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Faultless penalty-killing and a late second period goal scored following a sensational solo rush from center ice allowed previously winless GERMANY to post a 2-0 shutout victory over traditional Alpine arch-rival AUSTRIA in a critical Group H contest at the 2013 IIHF World Championships.

Austria trainer EMANUEL VIVEIROS, the well-traveled native Canadian who skated 29 National Hockey League games for the Minnesota North Stars before embarking on a long career in Europe, made very few changes to the squad that punched its ticket to the XXII Winter Olympic Games by winning the Group E Qualification Tournament held in Germany just a few short months ago. Indeed, fifteen of the very same Austrian skaters as well as the stubborn starting goaltender who had collectively held out for the necessary draw at the end of regulation time against Deutschland at the EgeTrans Arena in Bietigheim-Bissingen also returned to face-off with the Germans in Helsinki. Furthermore, adding scoring power to the Oesterreich side was none other than THOMAS VANEK, the star left wing who totaled 20 goals and 41 points in 38 NHL games for the Buffalo Sabres this season.

Meanwhile, Deutschland trainer PAT CORTINA, in direct contrast, replaced eleven of the twenty German skaters who could only triumph against the Austrians in Bietigheim-Bissingen after extra time had been played; freshly arrived in Finland from North America and ready for to make his debut at his year’s IIHF World Championships opposite Oesterreich at the Hartwall Arena was Germany national team veteran JUSTIN KRUEGER, the 26-year-old defenseman from the Charlotte Checkers of the American Hockey League.

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Austria star left wing THOMAS VANEK (26), the 29-year-old University of Minnesota product who has scored 250 goals in 585 career games skating for the Buffalo Sabres in the vanunted National Hockey League, is shadowed by Germany defenseman JENS BAXMANN (15) of Detusche Eishockey Liga champion Eisbaeren Berlin during the IIHF World Championships – Group H contest at the Hartwall Arena in Helsinki, Finland.
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Unlike the pivotal Olympic qualifier at Bietigheim-Bissingen where the Germans decisively outshot the Austrians 35-19 in regulation time, the opening period at the Hartwall Arena in Helsinki was a wide-open, back-and-forth affair with both teams combining to generate an almost evenly divided twenty-six shots.

Oesterreich had the best opportunity of the opening period when the Germans saw left wing YANNIC SEIDENBERG of Adler Mannheim and NHL-Star CHRISTIAN EHRHOFF of the Buffalo Sabres both sitting in the penalty box at the same time. The Austrian captain THOMAS KOCH of AC Klagenfurt had a glorious chance at the right side of the net near the end of the two-man advantage but Germany goaltender ROB ZEPP stretched out his left leg just in the nick of time. The NHL goal-shark Vanek took his chance with the rebound but was denied by the native Canadian who has now won five Deutsche Eishockey Liga titles in six seasons with Eisbaeren Berlin.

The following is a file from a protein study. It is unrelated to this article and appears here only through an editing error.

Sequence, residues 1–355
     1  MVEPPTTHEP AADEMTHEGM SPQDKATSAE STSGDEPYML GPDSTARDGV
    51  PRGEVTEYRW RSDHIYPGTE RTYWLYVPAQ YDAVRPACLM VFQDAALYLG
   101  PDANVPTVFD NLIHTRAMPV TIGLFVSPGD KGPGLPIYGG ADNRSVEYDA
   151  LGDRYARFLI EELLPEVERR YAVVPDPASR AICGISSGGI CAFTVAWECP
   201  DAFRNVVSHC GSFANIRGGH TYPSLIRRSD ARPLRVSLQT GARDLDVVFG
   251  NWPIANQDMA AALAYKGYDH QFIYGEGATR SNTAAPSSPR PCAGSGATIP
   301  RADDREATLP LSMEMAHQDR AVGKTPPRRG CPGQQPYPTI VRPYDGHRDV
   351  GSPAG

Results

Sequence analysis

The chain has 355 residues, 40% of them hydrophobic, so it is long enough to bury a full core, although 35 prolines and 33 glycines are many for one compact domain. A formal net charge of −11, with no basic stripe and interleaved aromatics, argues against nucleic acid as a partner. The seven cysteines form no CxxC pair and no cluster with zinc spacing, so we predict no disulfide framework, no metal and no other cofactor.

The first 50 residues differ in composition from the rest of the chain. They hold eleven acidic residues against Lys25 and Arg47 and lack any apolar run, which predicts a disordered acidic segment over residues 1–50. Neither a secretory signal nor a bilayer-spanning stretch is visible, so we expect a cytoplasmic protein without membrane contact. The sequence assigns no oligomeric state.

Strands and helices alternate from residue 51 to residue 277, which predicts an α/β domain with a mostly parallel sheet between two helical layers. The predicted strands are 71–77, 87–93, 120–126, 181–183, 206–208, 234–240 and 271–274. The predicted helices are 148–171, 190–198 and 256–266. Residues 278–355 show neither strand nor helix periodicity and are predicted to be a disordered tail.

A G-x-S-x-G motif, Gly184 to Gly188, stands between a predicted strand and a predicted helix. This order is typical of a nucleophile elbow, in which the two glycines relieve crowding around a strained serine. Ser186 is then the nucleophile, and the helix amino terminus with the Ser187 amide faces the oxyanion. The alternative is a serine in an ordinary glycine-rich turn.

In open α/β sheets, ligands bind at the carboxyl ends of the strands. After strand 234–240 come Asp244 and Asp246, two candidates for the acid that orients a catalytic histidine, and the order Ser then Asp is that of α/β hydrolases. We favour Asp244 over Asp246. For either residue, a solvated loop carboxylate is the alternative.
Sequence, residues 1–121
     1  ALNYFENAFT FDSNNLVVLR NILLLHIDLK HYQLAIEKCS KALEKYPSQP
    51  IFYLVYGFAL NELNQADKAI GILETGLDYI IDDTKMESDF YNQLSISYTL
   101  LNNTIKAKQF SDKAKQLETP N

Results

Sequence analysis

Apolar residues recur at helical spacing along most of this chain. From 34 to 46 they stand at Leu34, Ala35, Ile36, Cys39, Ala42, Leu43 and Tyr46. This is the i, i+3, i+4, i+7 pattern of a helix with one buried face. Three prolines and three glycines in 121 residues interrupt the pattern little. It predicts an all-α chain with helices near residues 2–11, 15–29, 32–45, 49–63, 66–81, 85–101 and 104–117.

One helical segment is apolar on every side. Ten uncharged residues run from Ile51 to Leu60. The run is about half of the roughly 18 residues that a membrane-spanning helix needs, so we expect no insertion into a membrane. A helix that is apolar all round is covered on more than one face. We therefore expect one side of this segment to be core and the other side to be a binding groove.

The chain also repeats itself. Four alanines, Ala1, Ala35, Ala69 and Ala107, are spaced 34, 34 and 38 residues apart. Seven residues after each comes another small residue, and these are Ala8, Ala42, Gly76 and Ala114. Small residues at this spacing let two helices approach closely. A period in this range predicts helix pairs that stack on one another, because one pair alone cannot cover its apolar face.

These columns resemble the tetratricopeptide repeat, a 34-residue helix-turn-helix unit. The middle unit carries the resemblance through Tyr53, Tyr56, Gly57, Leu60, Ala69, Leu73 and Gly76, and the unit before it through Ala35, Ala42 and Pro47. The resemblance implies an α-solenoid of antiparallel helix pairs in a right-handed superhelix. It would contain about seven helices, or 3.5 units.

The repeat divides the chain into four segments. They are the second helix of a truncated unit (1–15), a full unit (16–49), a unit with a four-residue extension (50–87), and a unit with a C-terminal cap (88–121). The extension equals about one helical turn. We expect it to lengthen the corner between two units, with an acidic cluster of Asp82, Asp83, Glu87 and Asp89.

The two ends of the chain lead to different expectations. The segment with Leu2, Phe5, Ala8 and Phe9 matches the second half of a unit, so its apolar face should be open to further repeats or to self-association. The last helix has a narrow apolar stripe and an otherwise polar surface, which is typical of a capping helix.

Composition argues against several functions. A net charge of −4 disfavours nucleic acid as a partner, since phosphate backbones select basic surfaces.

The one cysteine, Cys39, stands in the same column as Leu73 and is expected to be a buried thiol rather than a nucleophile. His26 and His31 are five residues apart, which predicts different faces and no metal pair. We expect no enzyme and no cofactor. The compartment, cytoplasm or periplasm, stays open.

Austria started the second period on the power play after veteran Germany center CHRISTOPH ULLMANN of Adler Mannheim was assessed a slashing minor at the 20:00 mark of the match. The impotent Austrians also skated with the man-advantage for a fourth time in succession after Germany defenseman FRANK HOERDLER of Eisbaeren Berlin was caught hooking with little more than four minutes having expired in the second session. But Zepp, who was starting no less than his third international contest for Germany against the neighboring arch-rivals from Austria on this 2012/13 campaign, was not about to concede on this day.

It was a fine way for the resilient German netminder to rebound from his own personal debacle in the preceding IIHF World Championships contest against Slovakia, to be certain.

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Germany center PATRICK HAGER (50) of ERC Ingolstadt, the 24-year-old former Rosenheim Star Bulls and Krefeld Pinguine attacker who notched the game-winning goal for Deutschland against Oesterreich at the Albert Schultz Halle in Vienna this past September in the third period of the so-called “Jubilaeum Laenderspiel” staged in conjunction with the 100th anniversary celebration of the Austrian Ice Hockey Federation.
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It was not until center DAVID SCHULLER of AC Klagenfurt was sent to the penalty box for holding just one minute past the halfway point of this Group H match at the Hartwall Arena in Helsinki that the Austrians, themselves, were finally forced to skate shorthanded.

Germany’s new captain Ehrhoff put three of his game-high four shots on target in the second period but was denied each time by in-form Austria goaltender BERNHARD STARKBAUM of Swedish Elitserien club Mo Do Ornskoldsvik; as for Deutschland center MARCUS KINK, it was his third shot of the contest which proved to be the charm that broke a German scoring drought against stingy Austria at the annual IIHF World Championships that had been approaching a full decade, itself.